First off, if you missed it, please take a minute and read yesterday's post.
... So, you want to get off the Merry-Go-Round? You want to escape the insanity? You want to turn in your blue tights with the big "S" on the front and occasionally get some time to invest in the things that matter the most?
Here's a little secret. Just between us. You can.
I'm going to introduce you to a powerful tool that will help you have more time to do the really important things like having dinner with your spouse or cheering at your kids' games.
Everywhere you turn, someone wants -- NEEDS -- you to do something. You must learn the answer that will set you free.
Here it is. "No."
Practice saying it. "No."
Listen to the sound of your voice. "No."
Try to say it with gentle authority. "No."
You don't have to yell or scream. You don't need steam shooting out your ears. Consider the following...
Many years ago a pastor friend was teaching me from one of his life lessons. At the time, he pastored one of the largest churches in the country. He told me how, in his busy schedule, it was hard for him to meet people he could talk to about Christ. Therefore, he made himself available to a local mortuary to preach funerals for families who had no church or pastor. He told the Funeral Director that he could call on a moment's notice and the pastor would change his schedule to perform the funeral.
About then, his older son was playing Pop Warner Football. The boy's coach called the pastor, who had played college football, and asked him to help out as assistant coach. The pastor politely explained that he was so busy he just couldn't do it.
As he hung up his phone, he looked up from his desk to see his secretary standing in the doorway. She was old enough to be his mother and she had a "no nonsense" way of talking to him. "You have time to do anything you please," she said. Then she turned and walked out. He knew she was right.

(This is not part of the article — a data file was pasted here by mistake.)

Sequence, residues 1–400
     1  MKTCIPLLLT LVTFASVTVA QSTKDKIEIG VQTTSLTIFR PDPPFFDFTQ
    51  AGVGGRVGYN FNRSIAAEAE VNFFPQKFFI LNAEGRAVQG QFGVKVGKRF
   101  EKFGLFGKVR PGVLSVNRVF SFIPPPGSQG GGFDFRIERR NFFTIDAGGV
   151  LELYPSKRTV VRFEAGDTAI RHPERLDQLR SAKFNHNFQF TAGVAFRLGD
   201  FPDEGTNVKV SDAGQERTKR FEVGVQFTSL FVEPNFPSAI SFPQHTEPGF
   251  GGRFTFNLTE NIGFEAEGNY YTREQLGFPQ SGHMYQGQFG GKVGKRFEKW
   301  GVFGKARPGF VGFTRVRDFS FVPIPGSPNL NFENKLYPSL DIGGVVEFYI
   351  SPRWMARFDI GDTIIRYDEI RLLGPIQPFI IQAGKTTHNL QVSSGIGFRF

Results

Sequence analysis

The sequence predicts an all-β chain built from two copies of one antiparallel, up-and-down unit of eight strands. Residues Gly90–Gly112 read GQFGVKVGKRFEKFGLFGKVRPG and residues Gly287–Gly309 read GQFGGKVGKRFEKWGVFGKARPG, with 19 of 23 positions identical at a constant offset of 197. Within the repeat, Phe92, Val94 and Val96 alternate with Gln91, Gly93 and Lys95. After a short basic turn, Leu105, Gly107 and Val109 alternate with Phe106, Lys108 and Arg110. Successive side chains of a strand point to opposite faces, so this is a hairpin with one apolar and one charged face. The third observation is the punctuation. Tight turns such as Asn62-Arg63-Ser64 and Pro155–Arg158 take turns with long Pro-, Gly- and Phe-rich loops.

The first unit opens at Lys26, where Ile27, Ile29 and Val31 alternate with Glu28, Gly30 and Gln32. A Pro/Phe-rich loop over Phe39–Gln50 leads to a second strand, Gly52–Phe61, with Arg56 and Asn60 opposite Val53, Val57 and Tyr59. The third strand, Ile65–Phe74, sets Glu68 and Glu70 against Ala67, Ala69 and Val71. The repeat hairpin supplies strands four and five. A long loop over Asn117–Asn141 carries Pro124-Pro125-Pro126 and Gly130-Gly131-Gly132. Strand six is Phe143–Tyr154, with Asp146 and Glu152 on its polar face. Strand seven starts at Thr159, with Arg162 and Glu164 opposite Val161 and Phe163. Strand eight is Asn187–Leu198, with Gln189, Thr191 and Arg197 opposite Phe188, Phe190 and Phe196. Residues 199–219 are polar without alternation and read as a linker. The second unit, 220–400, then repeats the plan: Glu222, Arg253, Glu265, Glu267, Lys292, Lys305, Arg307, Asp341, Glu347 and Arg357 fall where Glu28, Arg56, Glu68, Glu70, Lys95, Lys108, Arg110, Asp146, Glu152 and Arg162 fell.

He picked up the phone, called the coach back. "I've changed my mind," he said. "When's your next practice?" As soon as he ended that call, he called the Funeral Director. "I'm sorry, but I am changing my schedule. Please don't schedule me again without checking first to see if I have time."
In a simple, gentle, authoritative way, he said, "No."
Gordon MacDonald is a pastor and author whose writings mean much to me. I learned something from him that set me free: "I have another commitment." He goes on to explain that "another commitment" might mean time with my kids or my wife. It might mean time for rest on a Saturday before a "crazy busy" Sunday.
Those four words have helped me stay in the race, doing what I do. Sometimes I am asked by one of life's sprinters why I don't cram more into every day? My answer is that life -- and I think ministry -- is a marathon. Don't get me wrong. I have plenty to do and I stay pretty busy. The difference is that I mostly work on those things that I think make a huge difference in the long run. And I constantly reevaluate, making adjustments as needed.
I discovered long ago that lots of people have great plans for how I can use my time. That's why I must establish priorities and set my schedule first. Then I change it as necessary.
It's not perfect. But I'm not as dizzy as I once was!